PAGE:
Honor of Kings World Champion Cup to Feature $4.6M Prize, Bilibili Esports Seeking $2.1M Penalty Against Former Player
China’s esports industry has started to move in the second half-year of 2020. For the Chinese Counter-Strike: Global Offensive competitive scene, its first CS:GO offline competition in China was announced last week, and several business partnerships for this competition were announced.
In addition, Tencent Esports confirmed that its Tencent Global Esports Annual Summit will be hosted in Hainan on Aug. 24, and its upcoming Honor of Kings World Champion Cup will feature $4.6M USD in prize money.
There were also a few controversial partnerships and disputes related to Overwatch teams and players last week.
Among the top stories in China’s esports industry: Chinese tournament organizer Vision Esports announced it will host China’s first CS:GO offline competition of this year, CS Pro House in Wuxi; Chinese esports organization Chengdu AG signed a non-endemic partnership deal with life service platform 58 Tongcheng; Overwatch team Guangzhou Charge signed a three-year sponsorship deal with Herbalife Nutrition, while player Cai “Krystal” Shilong was the subject of a contract dispute.
Honor of Kings World Champion Cup to Feature a $4.6M Prize Pool Winner to Take Home $1.9M
On July 10 Tencent announced that its 2020 Honor of Kings World Champion Cup would feature a ￥32M RMB ($4.6M) prize pool, the same amount as last year. According to the announcement, Tencent will provide ￥16M ($2.3M) as the base prize money, with the remaining $2.3M to be generated from the sales of an in-game skin of Honor of Kings’ character Lixin.
Ten teams from China’s King Pro League (KPL), and eight teams from King Pro League Global Tour (KPLGT) will compete in this tournament. The winning team will take home ￥13.44M ($1.92M) in prize money, while the runner-up will receive ￥5.12M ($730K).
The tournament will officially start Wednesday without a live audience. Tencent has not announced the date of the grand final. In February, the Beijing government announced that the grand final would be hosted in the city, but due to Beijing becoming the center of China’s second wave of COVID-19 coupled with the Chinese government announcing that there will be no international sporting events this year, the plan will likely change.
The Honor of Kings World Champion Cup is the highest prize money tournament in the Honor of Kings esports ecosystem as well as in the Chinese mobile esports scene. Last year Wuhan-based esports organization eStar.Pro won the tournament and took home the equivalent of $1.9M in prize money. This victory alone landed the team in 7th in TEO’s top esports teams by prize money in Q3 2019.
Hangzhou Spark Owner Seeks $2.1M Penalty Against Former Player
On July 14 Bilibili Esports, the esports arm of Chinese video company Bilibili, announced that it filed a request for arbitration with the China International Economic and Trade Arbitration Commission June 15, demanding its former Overwatch player Cai “Krystal” Shilong pay a ￥15M ($2.1M) penalty to the company’s Overwatch team Hangzhou Spark.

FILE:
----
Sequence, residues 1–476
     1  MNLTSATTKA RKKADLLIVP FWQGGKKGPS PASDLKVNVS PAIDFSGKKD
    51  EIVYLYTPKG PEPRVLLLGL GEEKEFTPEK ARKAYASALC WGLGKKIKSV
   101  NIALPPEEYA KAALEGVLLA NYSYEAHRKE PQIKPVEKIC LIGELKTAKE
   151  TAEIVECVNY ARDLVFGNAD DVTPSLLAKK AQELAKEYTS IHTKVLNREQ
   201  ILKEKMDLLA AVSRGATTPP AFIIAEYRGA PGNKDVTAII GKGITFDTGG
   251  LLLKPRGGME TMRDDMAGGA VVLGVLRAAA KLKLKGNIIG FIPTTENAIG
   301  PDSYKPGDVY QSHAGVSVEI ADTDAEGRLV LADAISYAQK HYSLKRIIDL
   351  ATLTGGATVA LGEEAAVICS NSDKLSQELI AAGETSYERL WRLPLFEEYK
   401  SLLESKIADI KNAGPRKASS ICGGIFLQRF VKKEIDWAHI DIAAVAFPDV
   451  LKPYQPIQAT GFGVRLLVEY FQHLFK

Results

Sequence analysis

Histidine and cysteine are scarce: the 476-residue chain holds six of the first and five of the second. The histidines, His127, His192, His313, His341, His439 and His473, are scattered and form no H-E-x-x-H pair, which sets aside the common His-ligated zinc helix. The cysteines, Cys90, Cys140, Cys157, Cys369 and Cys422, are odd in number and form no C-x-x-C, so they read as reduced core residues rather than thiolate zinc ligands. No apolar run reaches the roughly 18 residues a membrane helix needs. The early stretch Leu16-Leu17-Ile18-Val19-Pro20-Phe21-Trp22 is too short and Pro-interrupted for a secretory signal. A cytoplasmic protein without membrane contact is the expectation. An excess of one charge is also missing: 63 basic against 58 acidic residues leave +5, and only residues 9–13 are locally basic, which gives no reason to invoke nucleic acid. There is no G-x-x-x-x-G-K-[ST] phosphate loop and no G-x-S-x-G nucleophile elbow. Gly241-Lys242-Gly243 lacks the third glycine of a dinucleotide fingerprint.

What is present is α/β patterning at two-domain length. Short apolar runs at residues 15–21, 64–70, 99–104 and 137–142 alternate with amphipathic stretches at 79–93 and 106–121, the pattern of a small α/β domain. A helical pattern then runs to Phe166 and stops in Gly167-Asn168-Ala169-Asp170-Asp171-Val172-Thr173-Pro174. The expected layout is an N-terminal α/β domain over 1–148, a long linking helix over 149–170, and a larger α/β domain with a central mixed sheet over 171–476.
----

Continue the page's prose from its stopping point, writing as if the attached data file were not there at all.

According to the announcement, Shilong violated team regulations multiple times and caused damages to the team’s management, brand, and business during his two-year-contract at Hangzhou Spark.
On July 14 Overwatch team Guangzhou Charge announced that Shilong left the Hangzhou Spark and joined the team. In response to this dispute, GZ Charge clarified that the player transfer process between the team and Shilong was completely formalized. The team emphasized that the legal disputes between Shilong and other teams have no relevance to the team.
In other news related to GZ Charge last week, the organization signed a three-year sponsorship deal with U.S. nourishment company Herbalife Nutrition, which will become the title sponsor and partner of the team.
Though the financial terms of the deal were not disclosed, the partnership itself received significant criticism from Western fans, due to Herbalife’s multi-level marketing business model. The Esports Observer reached out to Guangzhou Charge and the organization declined to comment on the situation.
Vision Esports to Host $28K CS Pro House
On July 14 Chinese tournament organizer Vision Esports announced it will host a CS:GO offline competition called CS Pro House featuring￥200K ($28.6K) in prize money, between Aug. 4-9, in Wuxi. The competition will be China’s first CS:GO offline event in 2020 after the COVID-19 pandemic forced the cancellation of all CS:GO offline events in the country over the first half of the year.
Japanese contact lens brand SEED, hardware brand SteelSeries, and IPANSON will sponsor the competition, while Gaming chair brand ERGOUP and ZOWIE Gear are official partners.
The competition will be streamed on Chinese live streaming platforms DouYu and Huya.
Other Esports Business News:
- On July 10 KPL team Chengdu AG (AG) signed a one-year partnership with Chinese live service platform 58 Tongcheng. As one part of the agreement AG will move its recruitment on 58 Tongcheng’s website.
- On July 10 global luxury brand Dior posted a video on Weibo featuring TOP Esports star player Yu “Jackeylove” Wenbo, describing him as the “brand friend of Dior.” Wenbo wore “Dior X Air Jordan” co-branded shoes in the video, which are priced at more than $12K a pair on the second-hand market.
- On July 10 Tencent Holdings announced that it withdrew a lawsuit against Chinese chili sauce brand Lao Gan Ma, and the two companies will partner “for real” in the future.
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